The Feeney family’s involvement in New York’s marine industry dates back to the 1860s, when Owen Feeney emigrated from Ireland to America and became a stonemason on the Delaware and Hudson Canal. Owen’s son, Bryan, entered the industry as a tow boater on the canal, and it was Bryan’s son, Thomas A., who founded Feeney’s in 1904.
Feeney’s is located 100 miles up the Hudson River, in a tributary known as the Roundout Creek. At the time Feeney’s specialized in building wooden barges and scows. Between 1917 and 1931 Feeney’s was constructing an average of fourteen a year. Feeney’s simultaneously was also concentrating building their own fleet while meeting the needs of their customers. The fleet began in 1922 with three ships, and grew to twenty six throughout the years.
As the company entered its fourth decade, the marine industry began to transition from wooden based construction to steel. To meet these emerging standards, Feeney’s retooled its facility in 1941 and began fabricating steel-hulled barges. Following the passing of Thomas A. Feeney in 1959, his sons, Thomas J. and Bernard A. Feeney assumed ownership of the business. The shipyard prospered throughout the 1960s. During this decade, Feeney’s constructed 75 new vessels and expanded their own towing fleet to eight tugboats and 40 barges. However, the construction of the St. Lawrence Seaway began to divert traffic away from Feeney’s main towing operations in the New York State Barge Canal. Business began to decline sharply during the 1970’s, in an effort to minimize the financial impact of its diminished towing business, Feeney’s constructed a 1500 ton floating dry dock. This allowed Feeney’s to begin to further develop their repair operations.
In 1981, Thomas J. Feeney passed away, and his eldest son, Thomas R. Feeney, took over as President and CEO. In order to consolidate control of the company within one family, he bought out Bernard A. Feeney’s family. Soon after assuming control, Thomas R. realized that the shipyard would need extensive modernization to remain viable in the marketplace of the 1980s and beyond. Within the first two years of his presidency, he arranged the purchase of a 125 ton Lima crane, a 20 ton rough terrain Omega crane, two new air compressors, new welding machines, and many small hand tools. This re-tooling was the first major modernization that yard had undergone since the change from wood to steel construction in 1940.
Between 1981 and 2001, the yard survived mainly on scow and barge repair. During this period, Feeney’s also constructed five new 140’ x 40’ x 11’ x 3” scows, a 140’ x 55’ x 11’ x 3” crane barge, a 180’ x 90’ x 9’ dry dock hull, and one 78’ x 40’ x 8’ anchor handling vessel. While new construction was nice, it was difficult to remain competitive with other aggressive new building facilities.
After 2001, Feeney’s steadily moved into the tug repair market. Relationships with Norfolk Tug and Barge, Buchannan, Vane Brothers,
Breakwater Marine, Kirby Transportation, Reinauer Transportation, Gellatly and Criscione, Port Albany Ventures, and Harbor Ferry Service, and many others were cemented on one simple principle: hard work and good service will bring customers back.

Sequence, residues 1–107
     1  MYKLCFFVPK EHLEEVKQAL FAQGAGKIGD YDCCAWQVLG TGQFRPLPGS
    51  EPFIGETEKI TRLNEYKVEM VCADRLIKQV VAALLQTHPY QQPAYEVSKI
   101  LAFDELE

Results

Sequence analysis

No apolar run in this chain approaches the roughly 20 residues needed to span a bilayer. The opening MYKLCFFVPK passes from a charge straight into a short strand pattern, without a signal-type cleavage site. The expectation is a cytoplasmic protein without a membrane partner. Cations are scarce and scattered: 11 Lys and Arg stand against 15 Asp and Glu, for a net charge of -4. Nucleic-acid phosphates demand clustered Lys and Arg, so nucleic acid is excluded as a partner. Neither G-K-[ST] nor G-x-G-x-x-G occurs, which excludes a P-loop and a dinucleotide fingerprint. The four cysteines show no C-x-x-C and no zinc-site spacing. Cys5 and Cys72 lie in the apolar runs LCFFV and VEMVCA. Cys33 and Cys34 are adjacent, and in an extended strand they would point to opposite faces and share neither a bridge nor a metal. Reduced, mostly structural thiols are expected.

Throughout the 2000’s Feeney’s was very fortunate to have completed every type of job from a simple up-and-down dry docking to an extensive overhaul and complete refit. Feeney’s completed four “Beacon Finland JAK Pin” installations since from 2005 to 2009. Two of these, the Houma and Davis Sea, were for K-Sea Transportation, and two, the Stephen Reinauer and Dace Reinauer, were for Reinauer Transportation.
The JAK conversions allowed the yard to forge new relationships with other skilled tradesmen. We have worked closely with Donovan Marine, General Marine Electric, JMS Naval Architects, GMT Electronics, First Electric Motor Service, and Farrell and Norton Naval Architects to complete the vessels in a timely and efficient manner. We look forward to continuing our relationships with these talented tradesmen in the future.
In 2006, Feeney’s installed 350’ of new steel sheet piling bulkhead and upgraded our electrical services at two points within the yard. In December 2008, a 120’ x 60’ heated and sheltered fabrication building was constructed. This building allowed Feeney’s to do most of their own fabrication. It is now home to two 10 ton overhead cranes, a 40 x 10 High Definition Plasma Cutter, a state of the art Ogden single sided welder, and a six headed frame welder.
After 2010 Feeney’s has invested greatly within the company to expand technologically and geographically. A second 1500 ton drydock (175’ x 54’), and three Manitowoc 4100 cranes has greatly improved our ability to service both of our drydocks, fabrication building, and our recently expanded South Yard. Thanks to our thirteen acre property we now have the capability to store, conduct repairs, and complete new construction projects. Depending on the sizes of the vessels on land we have room to store six to eight barges at a time. Our purchase of twelve industrial marine airbags (50’ x 6’) enables us to haul and launch barges in a safe manner.
At Feeney's Shipyard we value the hard work and dedication our employees, past and present, have given to our shipyard. If it wasn’t for their dedication to safety and the environment, our family owned shipyard would not be where it is today. We at Feeney's hope to continue to supply our customers with quality work well into the future.